James Webb Space Telescope: How to watch launch of Hubble's successor
KOUROU, French Guiana - The James Webb Space Telescope, Hubble’s bigger, more powerful successor, is scheduled for liftoff on Christmas morning from the coast of South America.
It will be the largest and most powerful space science telescope to ever leave the planet, elaborate in its design and ambitious in its scope. At $10 billion, it’s also the most expensive and the trickiest to pull off.
After years of delay, the James Webb Scace Telescope is scheduled to launch at 7:20 a.m. ET on Dec. 25. It will study every phase of cosmic history, from within our solar system to "the most distant observable galaxies in the early universe," NASA says.
Its infrared telescope will directly observe parts of space and time that have never been seen before, gazing into a period when the very first stars and galaxies were formed — more than 13.5 billion years ago. It will stare down black holes and hunt for alien worlds, scouring the atmospheres of planets for water and other possible hints of life.
"Ultraviolet and visible light emitted by the very first luminous objects has been stretched or ‘redshifted’ by the universe’s continual expansion and arrives today as infrared light," the space agency explained. "Webb is designed to ‘see’ this infrared light with unprecedented resolution and sensitivity."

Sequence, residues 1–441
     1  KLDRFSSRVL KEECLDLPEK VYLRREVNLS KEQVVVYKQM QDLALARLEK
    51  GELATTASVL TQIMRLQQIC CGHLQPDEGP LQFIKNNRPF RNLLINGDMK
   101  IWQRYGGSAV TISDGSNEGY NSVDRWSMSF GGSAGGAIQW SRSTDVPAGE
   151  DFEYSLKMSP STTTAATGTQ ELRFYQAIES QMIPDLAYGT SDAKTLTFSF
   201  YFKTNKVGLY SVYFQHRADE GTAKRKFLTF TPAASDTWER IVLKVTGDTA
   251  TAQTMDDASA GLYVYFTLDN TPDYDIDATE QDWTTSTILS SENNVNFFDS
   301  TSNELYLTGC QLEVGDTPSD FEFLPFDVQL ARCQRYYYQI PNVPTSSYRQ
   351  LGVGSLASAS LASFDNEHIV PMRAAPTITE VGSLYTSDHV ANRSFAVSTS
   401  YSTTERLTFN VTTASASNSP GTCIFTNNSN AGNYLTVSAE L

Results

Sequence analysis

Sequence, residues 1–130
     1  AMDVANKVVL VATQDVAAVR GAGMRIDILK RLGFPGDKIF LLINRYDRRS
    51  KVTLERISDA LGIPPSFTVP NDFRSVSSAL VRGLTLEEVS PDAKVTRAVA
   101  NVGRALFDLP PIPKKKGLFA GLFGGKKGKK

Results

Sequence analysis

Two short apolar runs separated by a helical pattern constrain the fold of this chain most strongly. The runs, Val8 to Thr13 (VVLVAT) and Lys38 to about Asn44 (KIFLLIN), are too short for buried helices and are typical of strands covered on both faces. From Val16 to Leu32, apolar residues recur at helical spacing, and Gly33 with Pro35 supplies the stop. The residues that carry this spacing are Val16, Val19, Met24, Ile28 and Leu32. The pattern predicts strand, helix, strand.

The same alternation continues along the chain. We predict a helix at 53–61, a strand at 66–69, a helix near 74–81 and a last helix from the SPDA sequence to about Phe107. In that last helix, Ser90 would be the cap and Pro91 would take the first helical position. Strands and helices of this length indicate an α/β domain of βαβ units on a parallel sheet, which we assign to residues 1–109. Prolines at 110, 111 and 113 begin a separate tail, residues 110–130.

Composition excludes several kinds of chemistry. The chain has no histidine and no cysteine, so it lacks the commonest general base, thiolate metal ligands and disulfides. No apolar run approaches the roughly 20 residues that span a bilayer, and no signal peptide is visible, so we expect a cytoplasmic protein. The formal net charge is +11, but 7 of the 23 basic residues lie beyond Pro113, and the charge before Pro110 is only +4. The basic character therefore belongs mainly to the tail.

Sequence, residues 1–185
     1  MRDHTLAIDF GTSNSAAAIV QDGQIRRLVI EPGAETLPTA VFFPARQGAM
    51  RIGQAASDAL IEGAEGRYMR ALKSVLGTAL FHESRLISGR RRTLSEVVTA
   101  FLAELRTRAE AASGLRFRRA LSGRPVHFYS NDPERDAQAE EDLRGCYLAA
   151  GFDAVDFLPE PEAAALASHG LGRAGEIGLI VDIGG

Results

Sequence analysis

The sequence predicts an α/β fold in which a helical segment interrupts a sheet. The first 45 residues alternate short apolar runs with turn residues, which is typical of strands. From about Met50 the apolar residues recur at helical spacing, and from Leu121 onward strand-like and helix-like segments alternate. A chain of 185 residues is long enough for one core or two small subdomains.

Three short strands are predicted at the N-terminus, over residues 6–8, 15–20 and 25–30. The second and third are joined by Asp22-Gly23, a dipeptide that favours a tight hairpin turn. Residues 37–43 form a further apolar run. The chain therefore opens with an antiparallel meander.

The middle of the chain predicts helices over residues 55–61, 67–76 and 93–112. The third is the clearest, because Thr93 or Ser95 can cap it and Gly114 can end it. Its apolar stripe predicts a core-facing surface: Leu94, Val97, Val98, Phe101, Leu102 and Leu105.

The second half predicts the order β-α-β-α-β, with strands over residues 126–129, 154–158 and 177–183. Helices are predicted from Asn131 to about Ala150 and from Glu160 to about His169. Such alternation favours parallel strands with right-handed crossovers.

The James Webb Space Telescope is pictured in a file image. (Photo by: QAI Publishing/Universal Images Group via Getty Images)
Here’s what to know about the James Webb Space Telescope and launch:
How to watch the James Webb Space Telescope Launch
The French-built Ariane rocket carrying the telescope is scheduled to launch from a complex at the European Spaceport located near Kourou, French Guiana. It’s beneficial for launch sites to be located near the equator as the spin of the Earth can help give an additional push, according to NASA.
Space enthusiasts who wish to see its liftoff can view the countdown commentary and launch broadcast on NASA’s live stream, as well as YouTube, Twitter, Facebook, LinkedIn, Twitch, Daily Motion, Theta.TV, and NASA’s App. Viewers can also join the Facebook event to watch the launch live and interact with others.